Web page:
SciELO as a space for thinking through scholarly communication

SciELO 25 Years logo with the tagline: Open Science with IDEIA – Impact, Diversity, Equity, Inclusion, and Accessibility

By Francisco Osorio, University of Chile

The history of SciELO can be understood as the search for a solution to a local problem with a view to international collaboration. In other words, at the end of the 1990s, there was a problem with the scholarly communication system in Brazil, because many of the articles that its researchers needed to read were not easily available. Printed journals arrived (at some point), but not to everyone, and the system was slow in general. However, around this time, a new technology emerged that was used to solve this problem: the Internet.

Today, 25 years later, we can testify that this problem has been solved. However, SciELO is not defined by a specific problem. The reason is obvious. If the problem is solved, the organization that was created to solve it disappears. But if we understand SciELO as an organization that faces various problems in scholarly communication, then we can say that its mission is enduring. For example, a current problem is that articles take a long time to be published (one or two years). Well, one solution proposed by SciELO is to use preprint technology. But there are many other problems in the scholarly communication system and there will certainly be many more in the future. Therefore, it is best to understand that SciELO is defined as the place where the problems of scholarly communication are thought through.

But another dimension of SciELO (which has characterized it from the start) is the ethical component. Since its origins, SciELO has embraced the values of open access and, as Johan Rooryck says, the history of Europe would be very different if 25 years ago open access had been at the beginning (and not a goal as it is today). The most recent expression of this ethical dimension can be found in the concept of IDEIA.

Another dimension of SciELO is its international orientation. An idea that can be expressed in various ways. For example, researchers in São Paulo in 1990 realized that solving problems in Brazil meant thinking about how to network with other countries. The history of science communication in Latin America should have a chapter on how the city of São Paulo helped shape the scholarly communication system in Chile, which is maintained on the same principles to this day. This was also possible thanks to a great librarian, Ana Maria Prat, who created SciELO Chile a few months after SciELO Brazil. Another example can be found in Japan. Ritsuko Nakajima says that it was thanks to SciELO’s support that they were able to implement their first preprint system in 2023.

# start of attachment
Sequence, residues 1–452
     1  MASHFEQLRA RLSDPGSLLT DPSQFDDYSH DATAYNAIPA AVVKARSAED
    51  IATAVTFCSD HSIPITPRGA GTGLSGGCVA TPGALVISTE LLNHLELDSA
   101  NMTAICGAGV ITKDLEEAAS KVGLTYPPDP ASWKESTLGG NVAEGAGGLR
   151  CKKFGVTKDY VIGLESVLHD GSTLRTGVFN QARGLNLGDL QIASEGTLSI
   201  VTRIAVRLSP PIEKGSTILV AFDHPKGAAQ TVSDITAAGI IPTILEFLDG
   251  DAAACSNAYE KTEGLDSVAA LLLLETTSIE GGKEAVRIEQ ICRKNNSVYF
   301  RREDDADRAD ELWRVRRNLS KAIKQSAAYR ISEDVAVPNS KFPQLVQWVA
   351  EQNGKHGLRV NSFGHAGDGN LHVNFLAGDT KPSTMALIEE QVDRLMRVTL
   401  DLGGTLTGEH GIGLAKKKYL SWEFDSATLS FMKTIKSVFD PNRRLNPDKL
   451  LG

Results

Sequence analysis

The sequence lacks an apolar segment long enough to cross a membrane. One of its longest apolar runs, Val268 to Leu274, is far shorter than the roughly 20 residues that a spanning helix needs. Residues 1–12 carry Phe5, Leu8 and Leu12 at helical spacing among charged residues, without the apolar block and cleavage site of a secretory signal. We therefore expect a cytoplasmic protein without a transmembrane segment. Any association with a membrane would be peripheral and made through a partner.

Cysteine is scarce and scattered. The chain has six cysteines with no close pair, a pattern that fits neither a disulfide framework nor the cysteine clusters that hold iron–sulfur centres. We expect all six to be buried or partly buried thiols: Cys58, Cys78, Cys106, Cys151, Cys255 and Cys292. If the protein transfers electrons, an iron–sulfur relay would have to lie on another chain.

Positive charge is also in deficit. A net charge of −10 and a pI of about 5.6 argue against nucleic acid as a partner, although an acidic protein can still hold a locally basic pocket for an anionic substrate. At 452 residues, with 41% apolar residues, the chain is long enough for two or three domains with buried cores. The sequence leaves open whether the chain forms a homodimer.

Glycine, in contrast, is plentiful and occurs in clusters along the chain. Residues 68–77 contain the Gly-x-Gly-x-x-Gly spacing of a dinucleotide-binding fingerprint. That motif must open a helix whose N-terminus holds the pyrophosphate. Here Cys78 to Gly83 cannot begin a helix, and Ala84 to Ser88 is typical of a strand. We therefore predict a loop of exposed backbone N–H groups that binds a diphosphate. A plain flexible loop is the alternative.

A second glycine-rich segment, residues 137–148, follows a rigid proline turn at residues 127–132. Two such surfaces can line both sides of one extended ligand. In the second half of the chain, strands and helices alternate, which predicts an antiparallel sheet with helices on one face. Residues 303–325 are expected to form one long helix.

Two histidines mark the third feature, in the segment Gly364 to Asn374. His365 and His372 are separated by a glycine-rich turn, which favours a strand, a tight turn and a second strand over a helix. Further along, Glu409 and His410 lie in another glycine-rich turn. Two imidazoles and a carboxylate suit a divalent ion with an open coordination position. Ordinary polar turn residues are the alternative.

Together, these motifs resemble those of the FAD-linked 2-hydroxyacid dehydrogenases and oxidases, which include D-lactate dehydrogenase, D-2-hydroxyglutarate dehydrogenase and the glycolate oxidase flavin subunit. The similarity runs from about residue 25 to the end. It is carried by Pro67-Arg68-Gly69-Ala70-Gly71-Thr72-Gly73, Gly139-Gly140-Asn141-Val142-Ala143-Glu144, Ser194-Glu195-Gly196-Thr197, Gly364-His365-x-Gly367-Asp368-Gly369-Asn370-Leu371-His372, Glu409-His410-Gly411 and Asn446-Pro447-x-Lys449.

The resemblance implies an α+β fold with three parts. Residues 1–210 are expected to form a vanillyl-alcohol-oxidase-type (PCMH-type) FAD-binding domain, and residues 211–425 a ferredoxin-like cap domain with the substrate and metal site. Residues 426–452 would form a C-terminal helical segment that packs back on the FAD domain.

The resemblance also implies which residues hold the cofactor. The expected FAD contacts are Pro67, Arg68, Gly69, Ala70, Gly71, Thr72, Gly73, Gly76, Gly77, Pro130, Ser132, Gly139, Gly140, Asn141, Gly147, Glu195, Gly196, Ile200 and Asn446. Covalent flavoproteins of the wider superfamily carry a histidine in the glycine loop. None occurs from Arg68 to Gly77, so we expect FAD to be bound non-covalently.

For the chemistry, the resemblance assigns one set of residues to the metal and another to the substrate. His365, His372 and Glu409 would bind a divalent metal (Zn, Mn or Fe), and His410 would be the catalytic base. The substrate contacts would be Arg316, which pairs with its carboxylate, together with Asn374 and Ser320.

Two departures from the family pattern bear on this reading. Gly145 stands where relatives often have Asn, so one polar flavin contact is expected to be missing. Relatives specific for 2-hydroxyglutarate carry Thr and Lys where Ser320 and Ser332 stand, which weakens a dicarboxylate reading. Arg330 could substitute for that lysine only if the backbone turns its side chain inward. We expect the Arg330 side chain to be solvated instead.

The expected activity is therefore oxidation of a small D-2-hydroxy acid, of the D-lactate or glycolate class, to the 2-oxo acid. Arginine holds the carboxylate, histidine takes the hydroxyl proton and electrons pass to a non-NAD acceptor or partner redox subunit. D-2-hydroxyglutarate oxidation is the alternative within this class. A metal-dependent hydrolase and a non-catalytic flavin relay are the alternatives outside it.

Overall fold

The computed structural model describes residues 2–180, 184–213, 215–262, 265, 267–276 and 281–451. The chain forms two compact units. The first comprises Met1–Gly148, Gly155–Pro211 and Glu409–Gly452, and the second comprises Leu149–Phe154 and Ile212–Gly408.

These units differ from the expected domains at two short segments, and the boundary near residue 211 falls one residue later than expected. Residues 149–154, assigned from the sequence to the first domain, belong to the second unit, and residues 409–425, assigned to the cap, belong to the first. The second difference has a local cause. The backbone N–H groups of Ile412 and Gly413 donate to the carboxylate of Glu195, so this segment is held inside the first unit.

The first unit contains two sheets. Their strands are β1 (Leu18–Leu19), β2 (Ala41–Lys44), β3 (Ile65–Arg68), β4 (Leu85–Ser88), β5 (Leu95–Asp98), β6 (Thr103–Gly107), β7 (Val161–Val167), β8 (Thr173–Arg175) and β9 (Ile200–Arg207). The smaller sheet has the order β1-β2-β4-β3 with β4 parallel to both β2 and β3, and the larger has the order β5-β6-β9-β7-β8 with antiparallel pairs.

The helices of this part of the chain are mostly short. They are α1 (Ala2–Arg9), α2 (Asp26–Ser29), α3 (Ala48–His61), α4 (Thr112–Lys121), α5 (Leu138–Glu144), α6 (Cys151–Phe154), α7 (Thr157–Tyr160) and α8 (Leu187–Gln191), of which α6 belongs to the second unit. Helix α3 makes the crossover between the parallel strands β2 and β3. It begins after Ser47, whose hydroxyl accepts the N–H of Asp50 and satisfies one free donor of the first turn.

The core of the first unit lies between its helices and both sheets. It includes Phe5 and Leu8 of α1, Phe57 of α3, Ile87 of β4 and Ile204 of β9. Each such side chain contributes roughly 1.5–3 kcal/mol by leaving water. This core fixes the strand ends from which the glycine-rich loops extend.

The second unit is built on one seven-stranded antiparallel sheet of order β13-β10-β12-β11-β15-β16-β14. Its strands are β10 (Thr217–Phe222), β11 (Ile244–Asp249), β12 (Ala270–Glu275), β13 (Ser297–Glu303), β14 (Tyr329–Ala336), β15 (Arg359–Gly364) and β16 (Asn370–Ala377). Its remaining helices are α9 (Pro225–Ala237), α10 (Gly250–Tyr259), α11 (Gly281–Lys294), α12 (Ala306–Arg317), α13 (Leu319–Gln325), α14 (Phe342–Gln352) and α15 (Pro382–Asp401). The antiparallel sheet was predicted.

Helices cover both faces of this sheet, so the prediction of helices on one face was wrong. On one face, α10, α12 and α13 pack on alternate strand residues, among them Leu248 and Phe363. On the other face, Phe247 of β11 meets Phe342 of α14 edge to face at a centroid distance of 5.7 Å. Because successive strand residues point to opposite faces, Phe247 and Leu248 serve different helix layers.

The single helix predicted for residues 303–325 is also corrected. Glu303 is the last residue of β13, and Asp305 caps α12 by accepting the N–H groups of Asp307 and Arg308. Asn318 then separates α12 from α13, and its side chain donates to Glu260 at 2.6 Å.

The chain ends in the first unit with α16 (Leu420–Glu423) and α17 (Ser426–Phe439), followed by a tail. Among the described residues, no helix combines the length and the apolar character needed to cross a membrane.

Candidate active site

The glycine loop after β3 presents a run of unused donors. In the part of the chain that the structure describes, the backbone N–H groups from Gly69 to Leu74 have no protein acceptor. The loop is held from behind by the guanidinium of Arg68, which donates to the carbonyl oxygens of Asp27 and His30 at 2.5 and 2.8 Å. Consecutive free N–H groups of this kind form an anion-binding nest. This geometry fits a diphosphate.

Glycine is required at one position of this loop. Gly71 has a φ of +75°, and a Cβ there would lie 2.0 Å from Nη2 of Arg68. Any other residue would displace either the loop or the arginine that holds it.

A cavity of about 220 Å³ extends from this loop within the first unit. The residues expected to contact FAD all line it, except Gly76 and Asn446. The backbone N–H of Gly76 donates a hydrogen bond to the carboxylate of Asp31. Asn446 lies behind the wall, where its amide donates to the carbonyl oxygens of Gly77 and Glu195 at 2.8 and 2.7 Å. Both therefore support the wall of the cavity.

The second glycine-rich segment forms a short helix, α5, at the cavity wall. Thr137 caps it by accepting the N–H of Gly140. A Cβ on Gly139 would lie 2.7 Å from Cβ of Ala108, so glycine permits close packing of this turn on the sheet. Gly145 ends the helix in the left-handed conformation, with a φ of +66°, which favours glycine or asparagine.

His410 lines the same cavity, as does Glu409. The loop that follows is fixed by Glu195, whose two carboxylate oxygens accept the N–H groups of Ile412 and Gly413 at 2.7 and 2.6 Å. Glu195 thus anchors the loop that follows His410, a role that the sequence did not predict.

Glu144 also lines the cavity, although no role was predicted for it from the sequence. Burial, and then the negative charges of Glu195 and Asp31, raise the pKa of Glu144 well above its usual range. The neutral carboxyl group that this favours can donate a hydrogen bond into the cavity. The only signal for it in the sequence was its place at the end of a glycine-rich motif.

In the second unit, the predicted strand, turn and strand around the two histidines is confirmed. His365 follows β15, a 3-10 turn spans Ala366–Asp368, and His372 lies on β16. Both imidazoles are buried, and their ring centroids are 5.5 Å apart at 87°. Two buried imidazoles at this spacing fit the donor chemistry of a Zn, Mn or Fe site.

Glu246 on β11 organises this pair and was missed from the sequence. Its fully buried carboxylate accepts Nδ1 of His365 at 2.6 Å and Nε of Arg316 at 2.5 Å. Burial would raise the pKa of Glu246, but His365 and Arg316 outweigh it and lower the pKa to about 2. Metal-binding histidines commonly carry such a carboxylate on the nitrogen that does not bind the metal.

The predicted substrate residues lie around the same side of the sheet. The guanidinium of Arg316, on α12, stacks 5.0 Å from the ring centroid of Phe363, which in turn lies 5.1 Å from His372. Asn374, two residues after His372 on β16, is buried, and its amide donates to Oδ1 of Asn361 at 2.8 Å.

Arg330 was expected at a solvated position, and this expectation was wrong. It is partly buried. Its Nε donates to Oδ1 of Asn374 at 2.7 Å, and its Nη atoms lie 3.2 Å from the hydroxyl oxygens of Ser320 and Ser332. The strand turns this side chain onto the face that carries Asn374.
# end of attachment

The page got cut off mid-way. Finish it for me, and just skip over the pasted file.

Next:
But what about the future? One way is to go back to the late 1990s. At that time, SciELO, Google, the Public Knowledge Project (PKP) and, above all, the massive adoption of the Internet were being born. In 1997, for example, the first digital journal on the epistemology of the social sciences in Latin America was created (called Cinta de Moebio). At the time, many scholars did not want to publish in a journal that only existed on the Internet, as they considered these publications to be unserious. They could not see or feel the change that was taking place in scholarly communication. Many of the attitudes of that time we see today regarding artificial intelligence, which is a mistake.

Looking to the future, XML markup will no longer be a problem. In general, all the technical aspects of the publishing system we have today will soon be anecdotes. Information processing capacity will only increase and the computers that interface for artificial intelligence will become more powerful. Therefore, we can create an artificial intelligence that receives an article and makes an initial decision on whether or not this article is relevant to the journal, i.e., we can train an artificial intelligence with all the published articles of a journal, with its mission and objectives, its publication guidelines and, although it seems a bit controversial, the entire history of decisions available on the OJS platform on articles submitted to the journal (or the email history).

In short, all the elements we have, and it will give us a suggestion about whether to accept or reject the article in the early stages. It is not that artificial intelligence will replace editors, but it will be an assistant. What will happen then is that processes as human as decision-making can be aided by artificial intelligence. The same will happen with the selection of peer reviewers. An artificial intelligence will process all the ORCIDs, all the platforms and suggest referees for that specific topic. By the way, it will write the correspondence and remind them from time to time to send in their review.

If it is true that SciELO is the place to think through scholarly communication, we can already see that it has the capacity to face the future. SciELO has an ethical component, a technological component and, at its heart, a concern for the people who are part of this scholarly communication community.


SciELO 25 Years Week | International Conference – September 27, 2023. SciELO. 2023 [viewed 27 October 2023]. Available from:

SciELO 25 Years Week | International Conference – September 28, 2023. SciELO. 2023 [viewed 27 October 2023]. Available from:

External links

Anna María Prat i Trabal – SciELO 25 Años:

Declaration in Support of Open Science with IDEIA:

Public Knowledge Project:

SciELO 25 Years – Open Science with IDEIA:


Translated from the original in Spanish by Lilian Nassi-Calò.


Como citar este post [ISO 690/2010]:

OSORIO, F. SciELO as a space for thinking through scholarly communication [online]. SciELO in Perspective, 2023 [viewed ]. Available from:


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